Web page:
Google, the Web search engine company, has provided funds to fully support four Virginia Tech students from Haiti to pursue graduate degrees in computer science. 

Sherley Codio of Cap-Haitian, Fabrice Marcelin and Jennifer François, both of Port-au-Prince, and Mario Calixte of Les Cayes
will continue their studies in computer science at Virginia Tech thanks to the support. A fifth student, Benoit Bernadel of Fond-des-Blancs, has received a full, merit-based scholarship to pursue a master’s degree in computer science at Carnegie Mellon University.

The five graduating seniors came to Virginia Tech in April 2008 through a partnership between the Office of International Research, Education, and Development, Virginia Tech’s Department of Computer Science, and the Ecole Supérieure d’Infotronique d’Haïti (ESIH) in Port-au-Prince to strengthen the school’s computer science program. Their studies at Virginia Tech were part of a three-year initiative funded by the U.S. Agency for International Development through Higher Education for Development to train a new generation of technical professionals for Haiti.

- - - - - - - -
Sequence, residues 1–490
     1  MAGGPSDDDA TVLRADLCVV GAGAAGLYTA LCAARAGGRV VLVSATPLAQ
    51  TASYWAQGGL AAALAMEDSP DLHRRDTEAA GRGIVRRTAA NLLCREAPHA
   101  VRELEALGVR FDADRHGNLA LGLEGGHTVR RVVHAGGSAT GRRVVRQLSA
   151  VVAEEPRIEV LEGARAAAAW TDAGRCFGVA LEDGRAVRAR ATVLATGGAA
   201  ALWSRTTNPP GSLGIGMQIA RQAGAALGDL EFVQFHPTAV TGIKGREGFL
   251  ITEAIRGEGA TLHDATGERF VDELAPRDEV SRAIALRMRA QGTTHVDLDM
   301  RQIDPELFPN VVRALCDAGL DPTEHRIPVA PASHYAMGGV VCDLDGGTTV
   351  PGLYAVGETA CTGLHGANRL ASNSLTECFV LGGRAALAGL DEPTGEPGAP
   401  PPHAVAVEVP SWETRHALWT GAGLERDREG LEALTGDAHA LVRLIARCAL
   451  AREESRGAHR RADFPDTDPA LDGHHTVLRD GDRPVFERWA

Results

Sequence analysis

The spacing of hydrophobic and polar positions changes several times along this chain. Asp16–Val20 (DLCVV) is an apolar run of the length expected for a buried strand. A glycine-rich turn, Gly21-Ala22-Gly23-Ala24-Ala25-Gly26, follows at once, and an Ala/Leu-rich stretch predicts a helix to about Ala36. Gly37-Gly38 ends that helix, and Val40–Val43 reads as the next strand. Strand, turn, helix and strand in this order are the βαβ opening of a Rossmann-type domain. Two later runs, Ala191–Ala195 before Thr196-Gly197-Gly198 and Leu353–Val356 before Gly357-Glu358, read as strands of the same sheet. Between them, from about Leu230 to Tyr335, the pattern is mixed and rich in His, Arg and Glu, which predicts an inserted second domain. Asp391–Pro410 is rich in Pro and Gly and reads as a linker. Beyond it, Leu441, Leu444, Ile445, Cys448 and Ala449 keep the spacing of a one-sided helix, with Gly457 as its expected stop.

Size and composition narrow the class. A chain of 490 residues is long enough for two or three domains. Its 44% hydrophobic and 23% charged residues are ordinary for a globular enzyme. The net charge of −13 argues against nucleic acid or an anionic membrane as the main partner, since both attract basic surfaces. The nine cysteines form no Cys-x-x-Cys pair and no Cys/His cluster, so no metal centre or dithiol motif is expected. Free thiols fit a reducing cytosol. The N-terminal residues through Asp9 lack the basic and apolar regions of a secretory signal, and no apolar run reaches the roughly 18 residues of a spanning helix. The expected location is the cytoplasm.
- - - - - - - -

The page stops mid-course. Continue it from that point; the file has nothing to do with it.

All students were in the United States at the time of the Jan. 12 earthquake, two of them on a service project to help build homes in communities along the Gulf Coast affected by Hurricane Katrina. One ESIH professor and 13 students were killed in the earthquake, and the ESIH building was completely destroyed. Nonetheless, classes at the school resumed on March 15, held under a tent.

“The earthquake that struck Haiti totally changed our plan,” said Marcelin. “Since then, the next step on our life was very uncertain.” Receiving word of the Google award, “was the best news ever,” he said. “We were so happy that we started screaming and spent the whole night talking about it.”

After completing a master’s degree at Virginia Tech, Marcelin, like his fellow students, expects to return to Haiti. He plans to build a company related to computing, to help get the country on a technological track. François also plans to return to Haiti. “My country needs entrepreneurs to invest and create more jobs. Haitian women have a history of entrepreneurship. We will help rebuild the country.”

Dedicated to its motto, Ut Prosim (That I May Serve), Virginia Tech takes a hands-on, engaging approach to education, preparing scholars to be leaders in their fields and communities. As the commonwealth’s most comprehensive university and its leading research institution, Virginia Tech offers 240 undergraduate and graduate degree programs to more than 31,000 students and manages a research portfolio of $513 million. The university fulfills its land-grant mission of transforming knowledge to practice through technological leadership and by fueling economic growth and job creation locally, regionally, and across Virginia.

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